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Bitcoin

U.S. Investors not Biting on Bitcoin, but Many are Intrigued

Cryptocurrency has been one of the most popular concepts lately worldwide. Though Bitcoin has existed since 2008, it didn’t peak numbers until last year, rising up to $20,000. However, since then, it has not had smooth ride relatively; it’s had to face quite a few ups and downs in price regularly.

Bitcoin was initially a mere means of payment, or ‘electronic cash’, which people only used to have a decentralized currency which is accepted through out the world. Because the currency uses cryptography, the transfers and transactions remain secure and unaltered through the transaction channel, and that is what earned bitcoin its reputation. Simultaneously though, the high volatility of Bitcoin acquired it a “more popular (reputation) as a high-risk/high-reward investment than as an online currency — although acceptance of Bitcoin for electronic payments is growing.”

At the moment, the 24-hour cryptocurrency trade volume is $12.56 billion, but even so the crypto has failed to shimmer allure to the majority of investors from the United States.

A poll was held by Wells Fargo/Gallup, which’s results were published on the 27th of July. The online survey was held among U.S. investors with more than $10,000 in stocks, bonds and/or mutual funds. The results of the poll mirrored a general misunderstanding about cryptocurrency by much of the investment market. While 96% of polled investors were aware of Bitcoin, only 29% reportedly had an any idea about digital currencies, with another two-thirds of investors reporting having heard of other cryptocurrencies but not knowing the depths of it.  When 75% of polled investors reported BTC to be “very risky,” and another 23% calling it “somewhat risky.”, price volatility and risk emerged in the poll results.

The survey also revealed that only a small percentage of Americans are currently invested in Bitcoin, while over a quarter of investors are merely intrigued by the cryptocurrency. Furthermore, study published that 2% of U.S. investors own BTC, whilst 26% said they were ‘intrigued’ by the prospect of investing in the high profile cryptocurrency.
The results were deemed reliable when Finder.com conducted a similar survey earlier this year on 2,000 U.S. investors. Around 8% said they plan on investing in it very soon, and 8% of them said they had invested in crypto. Whilst a 40% majority said they would never invest in cryptocurrencies the numbers here are only representative of ‘investors’ and not ‘Americans’ as a whole.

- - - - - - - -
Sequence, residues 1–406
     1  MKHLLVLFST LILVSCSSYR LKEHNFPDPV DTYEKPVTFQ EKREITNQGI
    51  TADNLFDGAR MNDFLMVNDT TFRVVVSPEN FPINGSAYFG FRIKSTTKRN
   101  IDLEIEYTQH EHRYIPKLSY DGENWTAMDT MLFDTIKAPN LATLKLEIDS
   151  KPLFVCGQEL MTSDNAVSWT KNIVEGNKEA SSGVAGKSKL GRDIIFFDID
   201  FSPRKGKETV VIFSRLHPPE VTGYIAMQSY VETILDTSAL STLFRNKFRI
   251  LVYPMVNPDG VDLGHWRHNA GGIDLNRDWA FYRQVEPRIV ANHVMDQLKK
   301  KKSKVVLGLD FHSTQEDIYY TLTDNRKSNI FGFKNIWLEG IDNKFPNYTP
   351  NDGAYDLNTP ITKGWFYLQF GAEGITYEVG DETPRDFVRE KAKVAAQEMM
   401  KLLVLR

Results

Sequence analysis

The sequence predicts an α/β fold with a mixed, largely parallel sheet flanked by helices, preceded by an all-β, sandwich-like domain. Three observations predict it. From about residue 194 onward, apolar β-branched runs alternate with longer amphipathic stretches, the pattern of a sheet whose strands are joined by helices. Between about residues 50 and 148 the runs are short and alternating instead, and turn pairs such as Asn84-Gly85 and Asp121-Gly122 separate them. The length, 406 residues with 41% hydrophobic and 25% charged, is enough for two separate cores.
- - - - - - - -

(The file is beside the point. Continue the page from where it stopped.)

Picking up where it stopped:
On another instance, Global Blockchain Business and Survey Monkey conducted a collaborative survey in January 2018, where they used the weighting scheme mentioned above. In doing so, not only did they generate statistics involving cryptocurrency ownership, but also the peoples’ points of views on the concepts.

The sample size of the survey was rather large: 5,761, hence it can safely be said to be representative of the population too. Findings suggested that only five percent of the sample owned cryptocurrency, whereas 21 percent of them were “considering adding cryptocurrency to their portfolios”. The study also distinctively perceived that 58 percent the aforementioned cryptocurrency holders were men under 34 years of age.

Relatively, millennial males made up the largest demographic for being aware or invested in Bitcoin and other digital currencies. The gap in age difference also revealed a similar statistic for younger investors with comparatively less capital,

Investors with less than $100,000 in investments (who tend to be younger) are more likely to be familiar with the innovation than those with higher asset levels.” says the Wells Fargo/Gallup survey. 

The poll loudly parallels that Bitcoin, mostly due to 2018’s sharp decline in price, is still primarily viewed by many investors as a bubble, with the majority of non-invested respondents preferring to wait and see how the price and relatively young company plays out.
The Wells Fargo/Gallup survey states;
The price of bitcoin is back on an upswing after crashing earlier this year, causing some to say its bubble is again about to burst and others to argue that its value will only accelerate as more merchants inevitably adopt it. For now, most investors are on the sidelines, knowing little to nothing about bitcoin. Few are already invested in it, and even fewer plan to jump in soon.
It is deemed only logical to conclude that education, particularly in the form of greater understanding about what cryptocurrencies are, how they function, and what the underlying technology provides to both the world and financial markets would help improve the adoption of the currency with well capitalized investors.

Malaika Iqbal

Young aspiring individual, writing what matters to the millennials. Contributes guest posts to BlockPublisher with industry news & emerging startups in the blockchain space. Email: editor.startups@blockpublisher.com

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